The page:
ZFIN ID: ZDB-PUB-990728-2
The BMP-related protein Radar: a maintenance factor for dorsal neuroectoderm cells?
Delot, E., Kataoka, H., Goutel, C., Yan, Y.L., Postlethwait, J., Wittbrodt, J., and Rosa, F.M.
Date: 1999
Source: Mechanisms of Development   85(1-2): 15-25 (Journal)
Registered Authors: Delot, Emmanuele, Goutel, Carole, Kataoka, Hiroko, Postlethwait, John H., Rosa, Frederic, Wittbrodt, Jochen, Yan, Yi-Lin
Keywords: zebrafish; Radar; bone morphogenetic protein; dorsal neurectoderm; msxC
MeSH Terms:
  • Amino Acid Sequence
  • Animals
  • Base Sequence
  • Bone Morphogenetic Proteins/physiology*
  • Ectoderm/physiology*
  • Gene Expression Regulation, Developmental/physiology*
  • Growth Differentiation Factor 6
  • Growth Substances/genetics
  • Molecular Sequence Data
  • Nerve Tissue Proteins/physiology*
  • Nervous System/embryology*
  • Transforming Growth Factor beta/physiology*
  • Zebrafish/embryology*
  • Zebrafish/physiology
PubMed: 10415343 Full text @ Mech. Dev.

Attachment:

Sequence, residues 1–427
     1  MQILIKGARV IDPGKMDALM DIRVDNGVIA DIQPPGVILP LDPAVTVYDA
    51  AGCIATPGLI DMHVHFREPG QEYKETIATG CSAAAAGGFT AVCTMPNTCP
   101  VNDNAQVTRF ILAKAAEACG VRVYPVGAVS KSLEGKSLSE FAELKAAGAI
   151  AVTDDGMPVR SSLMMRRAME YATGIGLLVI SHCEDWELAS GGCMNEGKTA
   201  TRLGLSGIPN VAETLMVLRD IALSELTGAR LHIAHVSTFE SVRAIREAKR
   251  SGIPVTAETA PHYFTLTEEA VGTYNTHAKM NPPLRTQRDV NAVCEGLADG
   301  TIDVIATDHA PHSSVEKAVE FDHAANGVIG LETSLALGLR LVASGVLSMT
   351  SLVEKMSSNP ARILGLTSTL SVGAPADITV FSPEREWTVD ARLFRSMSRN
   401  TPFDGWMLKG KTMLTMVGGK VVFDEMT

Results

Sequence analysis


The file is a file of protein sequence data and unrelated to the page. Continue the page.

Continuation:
We have previously cloned several members of the TGF-beta superfamily of growth factors in zebrafish, one of which, Radar, belongs to the Dpp-Vg1-related (DVR) subgroup, with highest homology to GDF6. The pattern of expression of Radar suggested a possible involvement in several induction steps during embryogenesis including in the dorsal neural tube, red blood cells, the dorsal fin and the retina. We have analyzed the pattern of expression of Radar in comparison with that of a marker of dorsal neural tube structures, msxC and show that Radar and msxC are expressed in similar and/or adjacent tissues throughout embryogenesis. In order to demonstrate a functional relationship between these two proteins, we have generated a full-length cDNA for Radar and shown that Radar overexpression by DNA injection maintains expression of msxC in tissues where it is normally expressed then turned off, in particular in the dorsal neurectoderm. Study of the phenotype of a mutant carrying a deletion of Radar shows a loss of identity and death of the cells of the dorsal neural tube. Taken together these results suggest that Radar could be involved in maintaining the identity of cells of the dorsal-most neural tube and of at least a subset of neural crest cells.